Two major conferences out of the Power Five conferences announced that they will postpone college football games among its member institutions until spring 2021 over fears about the ongoing coronavirus pandemic. The Big Ten and Pac-12 conferences made the announcement this past week, with Pac-12 postponing all fall sports until 2021 while the Big Ten only postponed college football games.
The Pac-12’s postponement includes basketball, whose season typically starts in November and goes until the following April.
However, three other major conferences, the Atlantic Coast Conference, Southeastern Conference, and Big 12, will go forward with an adjusted college football schedule this fall. The adjusted schedules involve no non-conference opponents and will be a reduced slate. The Atlantic Coast planned for an eleven-game season, while Southeastern said its member teams will play ten games. The Big 12 announced at least nine games will be played by each of its member teams.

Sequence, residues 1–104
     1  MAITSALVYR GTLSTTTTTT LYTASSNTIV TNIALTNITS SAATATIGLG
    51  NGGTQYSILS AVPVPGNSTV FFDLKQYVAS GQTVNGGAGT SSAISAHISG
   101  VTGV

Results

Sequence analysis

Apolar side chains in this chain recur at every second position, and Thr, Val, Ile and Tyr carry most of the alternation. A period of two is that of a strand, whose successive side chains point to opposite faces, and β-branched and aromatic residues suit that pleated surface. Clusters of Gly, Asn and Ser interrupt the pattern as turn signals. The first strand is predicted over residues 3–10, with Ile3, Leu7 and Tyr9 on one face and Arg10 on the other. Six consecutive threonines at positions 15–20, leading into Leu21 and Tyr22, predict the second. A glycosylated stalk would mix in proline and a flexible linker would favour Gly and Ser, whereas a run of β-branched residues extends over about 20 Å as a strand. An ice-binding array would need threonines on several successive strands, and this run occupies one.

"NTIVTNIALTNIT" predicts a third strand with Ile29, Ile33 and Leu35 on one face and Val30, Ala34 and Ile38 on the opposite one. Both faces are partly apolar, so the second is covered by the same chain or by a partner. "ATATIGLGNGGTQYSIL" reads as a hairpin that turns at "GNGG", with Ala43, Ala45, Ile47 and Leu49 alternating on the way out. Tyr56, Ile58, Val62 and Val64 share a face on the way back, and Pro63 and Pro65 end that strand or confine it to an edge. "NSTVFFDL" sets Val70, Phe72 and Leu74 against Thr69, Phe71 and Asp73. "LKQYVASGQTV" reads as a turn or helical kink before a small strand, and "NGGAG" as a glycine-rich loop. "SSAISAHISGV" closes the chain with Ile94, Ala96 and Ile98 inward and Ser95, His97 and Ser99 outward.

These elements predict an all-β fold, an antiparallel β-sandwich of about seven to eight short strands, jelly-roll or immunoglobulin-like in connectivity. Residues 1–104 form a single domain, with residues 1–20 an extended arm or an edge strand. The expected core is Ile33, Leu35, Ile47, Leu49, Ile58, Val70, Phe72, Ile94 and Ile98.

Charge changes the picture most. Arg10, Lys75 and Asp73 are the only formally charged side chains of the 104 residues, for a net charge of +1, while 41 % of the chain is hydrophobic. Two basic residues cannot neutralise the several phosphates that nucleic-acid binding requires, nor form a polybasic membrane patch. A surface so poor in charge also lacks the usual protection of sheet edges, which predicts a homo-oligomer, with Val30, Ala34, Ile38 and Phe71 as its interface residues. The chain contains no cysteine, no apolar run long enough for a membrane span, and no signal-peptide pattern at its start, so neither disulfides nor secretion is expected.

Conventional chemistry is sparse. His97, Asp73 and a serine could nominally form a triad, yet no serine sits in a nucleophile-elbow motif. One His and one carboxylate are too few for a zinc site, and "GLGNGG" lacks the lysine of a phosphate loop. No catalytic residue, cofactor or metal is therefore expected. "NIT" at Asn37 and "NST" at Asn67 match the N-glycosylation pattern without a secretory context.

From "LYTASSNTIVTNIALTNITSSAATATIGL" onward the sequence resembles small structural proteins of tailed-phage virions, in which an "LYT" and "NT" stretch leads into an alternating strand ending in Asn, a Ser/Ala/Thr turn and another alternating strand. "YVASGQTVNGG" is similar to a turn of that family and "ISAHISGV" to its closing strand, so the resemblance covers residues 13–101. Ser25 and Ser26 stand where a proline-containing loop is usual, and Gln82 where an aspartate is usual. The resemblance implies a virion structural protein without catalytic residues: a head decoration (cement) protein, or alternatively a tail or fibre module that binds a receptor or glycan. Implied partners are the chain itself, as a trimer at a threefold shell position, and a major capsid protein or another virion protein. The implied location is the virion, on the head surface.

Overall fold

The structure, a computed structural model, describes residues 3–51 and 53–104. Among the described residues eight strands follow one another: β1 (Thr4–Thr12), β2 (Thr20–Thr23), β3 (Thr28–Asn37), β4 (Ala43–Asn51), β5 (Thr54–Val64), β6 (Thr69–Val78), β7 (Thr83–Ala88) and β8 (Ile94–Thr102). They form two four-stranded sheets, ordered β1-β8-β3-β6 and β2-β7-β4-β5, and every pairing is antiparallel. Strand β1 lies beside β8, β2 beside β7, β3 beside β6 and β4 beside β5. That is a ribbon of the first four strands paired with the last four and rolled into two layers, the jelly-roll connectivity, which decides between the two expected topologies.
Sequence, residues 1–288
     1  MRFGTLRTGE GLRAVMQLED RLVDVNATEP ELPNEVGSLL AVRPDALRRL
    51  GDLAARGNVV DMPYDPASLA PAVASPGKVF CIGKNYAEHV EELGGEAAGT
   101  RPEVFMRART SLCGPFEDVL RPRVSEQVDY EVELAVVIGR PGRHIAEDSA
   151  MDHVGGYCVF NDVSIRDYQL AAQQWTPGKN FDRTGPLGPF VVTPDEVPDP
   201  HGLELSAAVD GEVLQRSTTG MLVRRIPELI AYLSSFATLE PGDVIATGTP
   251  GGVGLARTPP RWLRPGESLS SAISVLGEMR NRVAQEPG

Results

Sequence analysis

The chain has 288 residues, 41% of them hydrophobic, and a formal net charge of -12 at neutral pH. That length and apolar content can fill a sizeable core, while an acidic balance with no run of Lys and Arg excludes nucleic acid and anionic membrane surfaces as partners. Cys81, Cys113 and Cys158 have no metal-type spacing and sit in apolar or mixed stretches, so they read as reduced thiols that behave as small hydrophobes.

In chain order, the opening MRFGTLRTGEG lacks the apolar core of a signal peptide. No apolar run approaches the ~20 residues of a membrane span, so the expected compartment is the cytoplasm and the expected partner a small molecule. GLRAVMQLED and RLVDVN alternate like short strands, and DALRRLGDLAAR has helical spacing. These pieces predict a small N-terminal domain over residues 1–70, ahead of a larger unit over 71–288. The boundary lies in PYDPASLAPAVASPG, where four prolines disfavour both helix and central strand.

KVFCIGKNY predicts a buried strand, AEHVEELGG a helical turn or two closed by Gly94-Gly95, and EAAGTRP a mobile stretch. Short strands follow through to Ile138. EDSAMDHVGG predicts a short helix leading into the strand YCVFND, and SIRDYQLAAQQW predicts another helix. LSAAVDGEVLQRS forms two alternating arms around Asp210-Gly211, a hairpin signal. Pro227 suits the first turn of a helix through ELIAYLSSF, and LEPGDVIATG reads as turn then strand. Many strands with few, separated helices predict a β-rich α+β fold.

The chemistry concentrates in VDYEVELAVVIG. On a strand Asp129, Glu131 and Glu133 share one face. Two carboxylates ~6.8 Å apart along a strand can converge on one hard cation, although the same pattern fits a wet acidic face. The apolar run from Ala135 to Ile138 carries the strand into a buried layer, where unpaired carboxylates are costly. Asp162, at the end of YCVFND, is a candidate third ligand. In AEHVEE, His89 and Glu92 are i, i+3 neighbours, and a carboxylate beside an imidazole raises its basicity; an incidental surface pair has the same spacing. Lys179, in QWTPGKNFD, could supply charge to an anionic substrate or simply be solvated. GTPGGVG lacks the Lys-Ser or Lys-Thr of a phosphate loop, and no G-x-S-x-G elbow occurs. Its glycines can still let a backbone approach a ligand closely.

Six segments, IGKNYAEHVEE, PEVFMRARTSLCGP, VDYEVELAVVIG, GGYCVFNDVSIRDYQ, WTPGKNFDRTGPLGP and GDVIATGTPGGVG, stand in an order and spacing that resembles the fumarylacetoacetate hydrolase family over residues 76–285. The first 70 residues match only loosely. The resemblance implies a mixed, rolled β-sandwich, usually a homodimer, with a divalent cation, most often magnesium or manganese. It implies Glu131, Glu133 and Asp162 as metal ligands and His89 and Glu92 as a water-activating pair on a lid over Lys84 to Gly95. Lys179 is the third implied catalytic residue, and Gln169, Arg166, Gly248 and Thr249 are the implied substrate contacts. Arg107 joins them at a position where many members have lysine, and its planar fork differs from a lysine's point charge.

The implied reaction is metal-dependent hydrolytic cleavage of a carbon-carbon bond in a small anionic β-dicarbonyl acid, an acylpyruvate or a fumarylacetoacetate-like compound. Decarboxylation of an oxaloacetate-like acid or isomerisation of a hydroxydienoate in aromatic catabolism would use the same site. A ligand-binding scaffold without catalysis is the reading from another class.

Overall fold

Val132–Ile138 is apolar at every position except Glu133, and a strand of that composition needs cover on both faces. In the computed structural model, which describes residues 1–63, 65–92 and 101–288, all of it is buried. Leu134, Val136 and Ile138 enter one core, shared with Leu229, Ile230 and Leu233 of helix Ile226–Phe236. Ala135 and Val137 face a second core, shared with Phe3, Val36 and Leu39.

Multiple student athletes at Pac-12 schools published a list of demands for their conference officials prior to the Pac-12’s postponement announcement and demanded increased coronavirus testing and safety protocols. Other demands included racial equality-related issues.
President Donald Trump publicly voiced his support for playing a college football season this fall and said it would be a “tragic mistake” to cancel the season. He said, “These football players are very young, strong people, and physically, I mean they’re physically in extraordinary shape.” The president added, “So they’re not going to have a problem, you’re not going to see people, you know, could there be? Could it happen? But I doubt it.” Later in the interview, he stated, “So I think football is making a tragic mistake.”
Other student athletes declared that they want to play and continue their academic studies to work towards graduation. Coaches and sports analysts have pointed out that college sports give student athletes structure and a consistent routine, which helps them avoid off-the-field problems. Athletic departments admitted that without a college football season, their finances will take a huge hit, from which it will be difficult to recover short-term.